While Brandon and I have both had yards of experience camping–so many of my childhood memories involve freezing my butt off at some cold and windy camp ground somewhere in Tasmania–we are both new to camper trailers. If we are going to be running our ship* like a well-oiled machine by the time we head off in late July, we will need quite a lot of practice setting up the camper and packing everything away again. If we want to set off at 7am one morning, I don’t want to have to get up at 4am just to make sure we have enough time to pack up! And if we only stopped driving at 6pm the night before, finished setting up camp at 9pm… well, you get the picture. Lots of practice is needed!

So off we headed this past weekend on the first of our practice trips.

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We chose somewhere reasonably ‘safe’ – close to home should anything go wrong, close to shops should we forget anything, a powered site with water, and plenty of things to keep Charlotte occupied. It was hard to find somewhere at the last minute but we eventually booked in at Treasure Island Holiday Park on the Gold Coast.

The park is very comfortable and certainly had everything we needed for our maiden voyage. We were given a nice powered site, close enough to one of the 4 pools (!) and the toilet block to not be inconvenient, but far enough away to not be bothered by noise. The park was busy but it certainly wasn’t full. We found our assigned spot easily and set about ‘bumping in’ as I’m inclined to call it.

I’ve heard from a lot of people how friendly many people are at campsites and how everyone becomes friends quickly. So I shouldn’t be surprised that at one point in our set up we were visited by “Kingie” who decided he wanted a closer look at our camper. Forward fold campers aren’t as common as soft-floor or rear fold hard floor campers, so they tend to attract a bit of attention. They are certainly becoming more common, and in fact there was another model forward fold camper just a few sites down from ours, but as a rule they stand out from the crowd and can be beasts to look at. So camping men in thongs and holding a stubby of beer are naturally attracted to the shiny newness of it all (note: my use of the word ‘camping’ as an adjective here may not provide the image I was initially going for!). We didn’t mind showing Kingie around, although amusingly he was a bit like the kangaroo from that YouTube video of visiting kangaroos that went viral [check it out here – it’s really very amusing] – Kingie came back a few hours later with his son-in-law and grandchild in tow and asked if he could give them a looky-see as well! (Naturally we were happy to show her off.)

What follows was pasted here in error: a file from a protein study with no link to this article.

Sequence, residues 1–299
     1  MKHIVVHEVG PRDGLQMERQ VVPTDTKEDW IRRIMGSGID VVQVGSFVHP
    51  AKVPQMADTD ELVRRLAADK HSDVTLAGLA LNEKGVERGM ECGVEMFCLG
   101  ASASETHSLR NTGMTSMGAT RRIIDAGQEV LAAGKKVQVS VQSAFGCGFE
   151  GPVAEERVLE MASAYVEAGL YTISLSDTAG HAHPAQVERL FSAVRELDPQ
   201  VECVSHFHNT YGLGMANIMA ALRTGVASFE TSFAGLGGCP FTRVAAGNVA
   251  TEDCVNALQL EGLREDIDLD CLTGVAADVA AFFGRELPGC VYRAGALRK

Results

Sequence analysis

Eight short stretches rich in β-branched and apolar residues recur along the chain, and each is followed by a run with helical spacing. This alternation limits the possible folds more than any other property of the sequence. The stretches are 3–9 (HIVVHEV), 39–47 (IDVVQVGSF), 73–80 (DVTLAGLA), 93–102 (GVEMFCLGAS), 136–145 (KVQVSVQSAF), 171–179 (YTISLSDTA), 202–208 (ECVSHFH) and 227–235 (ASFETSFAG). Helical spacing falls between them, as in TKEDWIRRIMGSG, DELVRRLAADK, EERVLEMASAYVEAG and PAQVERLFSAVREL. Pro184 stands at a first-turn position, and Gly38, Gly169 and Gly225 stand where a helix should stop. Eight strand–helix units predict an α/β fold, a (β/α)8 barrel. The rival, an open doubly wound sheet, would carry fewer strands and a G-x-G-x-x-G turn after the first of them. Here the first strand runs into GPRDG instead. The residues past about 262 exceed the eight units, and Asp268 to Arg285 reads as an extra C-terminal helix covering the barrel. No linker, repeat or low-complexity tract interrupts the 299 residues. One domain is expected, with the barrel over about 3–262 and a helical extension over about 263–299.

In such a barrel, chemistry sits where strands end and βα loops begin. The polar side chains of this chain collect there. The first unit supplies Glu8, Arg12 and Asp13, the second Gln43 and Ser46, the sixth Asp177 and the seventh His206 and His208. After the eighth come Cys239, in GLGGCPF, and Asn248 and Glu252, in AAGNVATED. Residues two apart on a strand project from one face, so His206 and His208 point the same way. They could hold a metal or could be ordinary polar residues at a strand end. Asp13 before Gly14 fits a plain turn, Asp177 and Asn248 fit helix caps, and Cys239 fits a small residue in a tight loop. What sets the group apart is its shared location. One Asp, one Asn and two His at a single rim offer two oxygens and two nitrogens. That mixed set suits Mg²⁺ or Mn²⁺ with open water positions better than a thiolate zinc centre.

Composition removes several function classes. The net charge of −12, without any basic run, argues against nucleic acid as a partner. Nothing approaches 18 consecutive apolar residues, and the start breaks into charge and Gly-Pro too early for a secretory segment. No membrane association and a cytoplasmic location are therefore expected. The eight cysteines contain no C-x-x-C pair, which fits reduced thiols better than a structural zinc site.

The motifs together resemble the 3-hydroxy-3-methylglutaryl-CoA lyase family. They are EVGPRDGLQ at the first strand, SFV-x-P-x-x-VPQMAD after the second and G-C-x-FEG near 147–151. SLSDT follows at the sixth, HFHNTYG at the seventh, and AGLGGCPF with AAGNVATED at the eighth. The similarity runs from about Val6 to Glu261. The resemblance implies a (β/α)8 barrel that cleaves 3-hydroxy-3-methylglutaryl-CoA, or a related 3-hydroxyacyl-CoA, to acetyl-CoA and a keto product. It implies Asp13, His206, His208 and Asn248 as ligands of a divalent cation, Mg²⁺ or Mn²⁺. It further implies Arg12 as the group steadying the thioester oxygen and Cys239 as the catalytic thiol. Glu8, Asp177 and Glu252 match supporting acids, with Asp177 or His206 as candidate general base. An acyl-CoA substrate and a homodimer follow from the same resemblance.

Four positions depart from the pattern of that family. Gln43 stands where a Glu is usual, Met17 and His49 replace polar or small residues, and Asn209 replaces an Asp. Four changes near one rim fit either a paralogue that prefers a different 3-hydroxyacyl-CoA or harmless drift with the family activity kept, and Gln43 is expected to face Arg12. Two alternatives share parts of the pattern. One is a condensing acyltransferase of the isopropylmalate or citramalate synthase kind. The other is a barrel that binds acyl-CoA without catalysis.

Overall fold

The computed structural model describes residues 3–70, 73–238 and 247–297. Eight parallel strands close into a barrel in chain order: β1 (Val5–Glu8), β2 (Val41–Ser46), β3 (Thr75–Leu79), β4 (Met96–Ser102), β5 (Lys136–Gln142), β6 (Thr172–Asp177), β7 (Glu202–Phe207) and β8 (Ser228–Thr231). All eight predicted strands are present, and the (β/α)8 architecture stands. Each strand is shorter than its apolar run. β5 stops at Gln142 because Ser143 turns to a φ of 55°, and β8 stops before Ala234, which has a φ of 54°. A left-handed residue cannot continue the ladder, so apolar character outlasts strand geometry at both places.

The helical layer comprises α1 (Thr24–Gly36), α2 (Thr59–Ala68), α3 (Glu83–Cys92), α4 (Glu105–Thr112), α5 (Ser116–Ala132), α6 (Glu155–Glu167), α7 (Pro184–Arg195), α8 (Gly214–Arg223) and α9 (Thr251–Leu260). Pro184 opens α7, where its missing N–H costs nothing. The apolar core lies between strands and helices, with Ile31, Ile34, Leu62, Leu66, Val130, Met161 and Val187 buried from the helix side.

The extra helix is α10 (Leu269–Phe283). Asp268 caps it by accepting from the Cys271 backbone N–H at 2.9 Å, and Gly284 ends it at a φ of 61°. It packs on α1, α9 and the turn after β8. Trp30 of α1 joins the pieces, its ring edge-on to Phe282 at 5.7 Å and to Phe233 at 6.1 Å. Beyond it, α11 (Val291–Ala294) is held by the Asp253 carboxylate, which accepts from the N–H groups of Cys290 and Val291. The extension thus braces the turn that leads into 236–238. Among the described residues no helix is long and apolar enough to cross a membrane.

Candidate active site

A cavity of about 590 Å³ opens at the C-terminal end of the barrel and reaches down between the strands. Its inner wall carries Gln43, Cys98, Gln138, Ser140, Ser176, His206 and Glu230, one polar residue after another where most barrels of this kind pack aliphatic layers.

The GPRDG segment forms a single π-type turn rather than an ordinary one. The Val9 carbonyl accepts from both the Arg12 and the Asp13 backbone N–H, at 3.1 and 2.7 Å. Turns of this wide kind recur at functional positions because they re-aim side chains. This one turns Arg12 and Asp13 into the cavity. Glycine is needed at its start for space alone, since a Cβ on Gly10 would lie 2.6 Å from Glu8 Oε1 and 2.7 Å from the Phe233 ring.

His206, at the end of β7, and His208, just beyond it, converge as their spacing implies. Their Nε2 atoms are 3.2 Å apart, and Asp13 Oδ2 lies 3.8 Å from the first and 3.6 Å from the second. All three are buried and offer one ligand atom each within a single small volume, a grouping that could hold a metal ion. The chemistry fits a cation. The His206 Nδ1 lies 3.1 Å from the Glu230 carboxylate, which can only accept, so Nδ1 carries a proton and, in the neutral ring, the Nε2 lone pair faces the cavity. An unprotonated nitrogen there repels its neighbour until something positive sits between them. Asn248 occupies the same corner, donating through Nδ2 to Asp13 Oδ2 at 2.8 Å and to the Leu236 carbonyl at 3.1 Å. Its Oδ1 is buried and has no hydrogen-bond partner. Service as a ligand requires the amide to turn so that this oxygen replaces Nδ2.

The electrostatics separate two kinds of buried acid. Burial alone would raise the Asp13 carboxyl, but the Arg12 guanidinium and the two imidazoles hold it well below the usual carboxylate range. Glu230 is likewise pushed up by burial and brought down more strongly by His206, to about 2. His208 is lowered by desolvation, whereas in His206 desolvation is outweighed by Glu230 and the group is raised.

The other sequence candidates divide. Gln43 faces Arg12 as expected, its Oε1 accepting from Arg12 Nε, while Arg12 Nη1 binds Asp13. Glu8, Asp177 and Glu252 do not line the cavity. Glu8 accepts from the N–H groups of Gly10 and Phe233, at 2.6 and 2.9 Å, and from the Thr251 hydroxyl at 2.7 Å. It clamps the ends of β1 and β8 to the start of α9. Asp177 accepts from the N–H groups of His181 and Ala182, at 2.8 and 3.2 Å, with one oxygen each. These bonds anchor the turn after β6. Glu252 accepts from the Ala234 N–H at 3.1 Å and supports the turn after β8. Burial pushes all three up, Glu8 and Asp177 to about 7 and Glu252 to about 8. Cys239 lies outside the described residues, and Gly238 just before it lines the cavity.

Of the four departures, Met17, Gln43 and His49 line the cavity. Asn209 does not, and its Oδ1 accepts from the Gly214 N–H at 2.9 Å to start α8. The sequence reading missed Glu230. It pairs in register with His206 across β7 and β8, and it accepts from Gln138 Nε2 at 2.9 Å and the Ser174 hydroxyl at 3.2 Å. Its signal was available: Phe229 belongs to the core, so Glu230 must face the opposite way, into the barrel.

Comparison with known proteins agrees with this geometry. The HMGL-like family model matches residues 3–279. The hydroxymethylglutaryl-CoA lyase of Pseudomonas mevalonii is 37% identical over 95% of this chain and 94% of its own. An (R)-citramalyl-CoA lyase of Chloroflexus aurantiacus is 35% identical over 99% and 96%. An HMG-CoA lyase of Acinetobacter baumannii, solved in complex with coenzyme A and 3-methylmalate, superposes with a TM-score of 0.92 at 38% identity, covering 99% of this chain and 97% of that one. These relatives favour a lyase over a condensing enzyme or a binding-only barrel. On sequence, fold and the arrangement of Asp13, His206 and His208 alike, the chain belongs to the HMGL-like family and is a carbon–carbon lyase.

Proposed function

Back to the set up… take a look for yourself and let me know how you think we went…

[The original video went for one and a half hours, which represents how long it took us to set up. Clearly a lot of room for improvement! After we stopped the video we ended up putting the rest of the sides on the annex but not the floor. That may have been a bit of a mistake, as we learned later that night 😦 But that’s a tale for another post.]

Other than learning about bumping in and bumping out the camper, I was also keen to see how Charlotte went with the camping lifestyle. Unless you count the Peppa Pig play tent she once had set up in her room, she’s never been camping before so it was a good opportunity to see how she would respond. Turns out, nothing to worry about! Water, duck, back. I’m not sure what added more normality – the television viewing or Daddy building Lego with her 😉

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So the trip was a success. We had a fun time, we learned a lot about the camper and what we’ll need to improve on for future, but we also glimpsed a picture of how much fun we’re going to have on our trip. Can’t ask for more than that 🙂 There were a few other aspects of the trip worth noting, but I’ll save those for another post.

* We have yet to name our camper trailer but I feel this is a must, if not for ease of communication in later posts. Come to think of it, Brandon’s car doesn’t really have a name either, except that we once thought about getting personalised plates for B’s car that read “Mudbug”. So I will most likely refer to the Landcruiser as MudBug… but what shall the camper be called?